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Business Prof’s New Book Introduces Social Theory


Whalen mugWith the publication this month of associate professor of business Dr. Thomas Whalen’s new book, “Complexity, Society and Social Transactions: Developing a Comprehensive Social Theory,” he hopes his undergraduate students, too, will benefit, as he explains to them new ways of looking at the world.

A comprehensive social theory, he explained, should explain how society, culture, and the economy come into being. 

According to Whalen, “If we think of humanity as being one with the world around us, then it becomes easier to understand how we as humans form the socially constructed things that we do – things like morals, religion, culture, money, history, language and nations. All social constructions emerge out of social transaction – our continual interaction with one another in our environment.

“Consider a few small groups that you are in.  Every one of them has a unique culture, even if they are similar,” he continued. “I’ve sung in several choirs. Every one of them has been different.  Why is that?  I theorize that it is because the accumulation of social transactions within each choir is different.”

The impetus for the book – to be published on Sept. 27 by London publishers Taylor & Francis, a division of Routledge – began back when Whalen was a doctoral student in the leadership program at Gonzaga University in Spokane, Wash., as he prepared to write his dissertation.

Whalen bookBecause he had a history of working with suppliers in the Far East as a supplier quality engineer in a former career, Whalen decided to explore the cultural differences in leadership styles between American and Chinese companies, and set about searching for a social theory that explained culture and cultural formation. When he failed to find one that made sense to him, he developed his own.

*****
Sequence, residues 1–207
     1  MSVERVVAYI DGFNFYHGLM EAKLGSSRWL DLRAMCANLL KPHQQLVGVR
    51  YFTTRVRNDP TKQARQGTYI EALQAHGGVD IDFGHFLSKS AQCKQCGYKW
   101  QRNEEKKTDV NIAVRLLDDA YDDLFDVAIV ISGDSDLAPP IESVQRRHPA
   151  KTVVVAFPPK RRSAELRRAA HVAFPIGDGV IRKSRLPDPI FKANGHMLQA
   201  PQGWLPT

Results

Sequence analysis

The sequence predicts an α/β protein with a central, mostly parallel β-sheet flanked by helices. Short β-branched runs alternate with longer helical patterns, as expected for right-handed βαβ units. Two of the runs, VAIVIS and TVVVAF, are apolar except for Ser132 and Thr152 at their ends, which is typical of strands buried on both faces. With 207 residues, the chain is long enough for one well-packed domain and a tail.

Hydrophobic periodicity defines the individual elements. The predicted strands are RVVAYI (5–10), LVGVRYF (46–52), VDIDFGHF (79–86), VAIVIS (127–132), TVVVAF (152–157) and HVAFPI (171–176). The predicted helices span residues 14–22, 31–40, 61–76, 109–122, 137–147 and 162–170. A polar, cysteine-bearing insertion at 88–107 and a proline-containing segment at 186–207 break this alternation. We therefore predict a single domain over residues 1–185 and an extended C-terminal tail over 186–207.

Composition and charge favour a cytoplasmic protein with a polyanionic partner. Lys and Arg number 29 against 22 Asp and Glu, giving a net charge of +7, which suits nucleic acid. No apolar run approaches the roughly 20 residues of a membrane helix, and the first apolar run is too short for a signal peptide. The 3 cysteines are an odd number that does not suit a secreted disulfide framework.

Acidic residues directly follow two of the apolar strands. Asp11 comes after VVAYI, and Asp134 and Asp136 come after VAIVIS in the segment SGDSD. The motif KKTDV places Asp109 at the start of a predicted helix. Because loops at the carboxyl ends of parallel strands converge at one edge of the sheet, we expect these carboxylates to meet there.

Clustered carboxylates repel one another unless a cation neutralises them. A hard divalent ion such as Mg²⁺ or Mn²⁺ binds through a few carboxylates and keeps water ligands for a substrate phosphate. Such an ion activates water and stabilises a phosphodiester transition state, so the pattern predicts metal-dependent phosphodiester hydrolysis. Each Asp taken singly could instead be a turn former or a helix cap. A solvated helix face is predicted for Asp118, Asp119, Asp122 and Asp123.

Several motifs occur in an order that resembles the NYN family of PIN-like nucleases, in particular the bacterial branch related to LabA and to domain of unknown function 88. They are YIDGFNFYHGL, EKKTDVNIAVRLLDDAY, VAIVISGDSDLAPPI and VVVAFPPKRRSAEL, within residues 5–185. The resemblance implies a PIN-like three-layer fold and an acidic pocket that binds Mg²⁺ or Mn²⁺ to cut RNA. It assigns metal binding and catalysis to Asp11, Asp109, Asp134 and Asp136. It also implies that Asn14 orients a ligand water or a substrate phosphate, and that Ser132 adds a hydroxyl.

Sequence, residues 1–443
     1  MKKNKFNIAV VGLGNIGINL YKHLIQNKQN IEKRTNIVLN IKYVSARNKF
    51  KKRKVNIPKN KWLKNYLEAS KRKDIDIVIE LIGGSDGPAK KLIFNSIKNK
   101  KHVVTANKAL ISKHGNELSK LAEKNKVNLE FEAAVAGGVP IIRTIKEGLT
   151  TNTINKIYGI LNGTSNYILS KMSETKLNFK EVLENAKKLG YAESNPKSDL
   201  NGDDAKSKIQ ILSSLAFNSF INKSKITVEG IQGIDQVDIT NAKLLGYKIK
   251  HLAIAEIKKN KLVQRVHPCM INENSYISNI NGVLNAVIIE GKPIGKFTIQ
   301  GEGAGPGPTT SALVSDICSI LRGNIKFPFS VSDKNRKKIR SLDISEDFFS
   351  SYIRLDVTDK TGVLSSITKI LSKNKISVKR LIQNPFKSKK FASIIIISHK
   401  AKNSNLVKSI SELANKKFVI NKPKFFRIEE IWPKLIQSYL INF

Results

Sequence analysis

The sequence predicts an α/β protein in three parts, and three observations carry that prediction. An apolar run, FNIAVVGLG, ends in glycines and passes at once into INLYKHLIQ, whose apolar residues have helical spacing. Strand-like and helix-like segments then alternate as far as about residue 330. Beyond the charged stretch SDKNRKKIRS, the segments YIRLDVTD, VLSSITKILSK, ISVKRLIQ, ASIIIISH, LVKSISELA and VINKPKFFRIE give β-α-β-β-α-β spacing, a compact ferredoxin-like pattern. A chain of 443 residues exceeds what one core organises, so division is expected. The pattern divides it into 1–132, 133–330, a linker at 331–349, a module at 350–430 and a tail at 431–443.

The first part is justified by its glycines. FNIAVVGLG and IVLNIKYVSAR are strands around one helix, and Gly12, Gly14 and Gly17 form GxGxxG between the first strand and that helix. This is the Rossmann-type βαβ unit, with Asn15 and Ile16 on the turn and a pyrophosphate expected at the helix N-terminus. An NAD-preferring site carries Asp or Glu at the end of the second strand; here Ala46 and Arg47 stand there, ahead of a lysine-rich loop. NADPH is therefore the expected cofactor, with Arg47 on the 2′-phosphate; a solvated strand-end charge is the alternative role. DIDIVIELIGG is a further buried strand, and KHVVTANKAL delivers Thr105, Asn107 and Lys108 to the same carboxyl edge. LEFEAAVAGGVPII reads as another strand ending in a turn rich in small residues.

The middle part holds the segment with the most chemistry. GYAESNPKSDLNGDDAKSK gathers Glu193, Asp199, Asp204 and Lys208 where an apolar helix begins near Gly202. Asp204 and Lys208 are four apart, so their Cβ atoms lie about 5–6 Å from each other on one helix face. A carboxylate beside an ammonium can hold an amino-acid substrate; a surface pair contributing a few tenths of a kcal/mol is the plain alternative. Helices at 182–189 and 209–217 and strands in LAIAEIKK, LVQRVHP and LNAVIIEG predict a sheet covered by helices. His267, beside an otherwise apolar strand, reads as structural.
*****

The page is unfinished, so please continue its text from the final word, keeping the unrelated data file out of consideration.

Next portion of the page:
In 2012, Whalen presented a paper on the topic in Barcelona, Spain, where his ideas were well received, and he was encouraged to develop his dissertation into a book. This earlier version of his theory, “Utilizing the Social Transaction Theory of Social Ontology to Understand Organizational Culture Change,” is starting to be used to understand how leaders can change organizational culture.

“I use this paper in my MBA courses, and in my senior leadership course,” Whalen said.

Although it was a bit challenging to fit time into his busy teaching schedule to do the writing, revising and editing necessary to complete the book, he found a weekly, four-hour block of free time in his schedule to devote to that effort. “Because that method worked out so well, I have continued the practice,” Whalen said. “This summer I used my writing block for creative writing.”

The new book, he said, has some far-reaching implications both in business and for non-profit organizations. “Essentially, I try to explain how humans come together and form society, culture, and the economy,” Whalen said.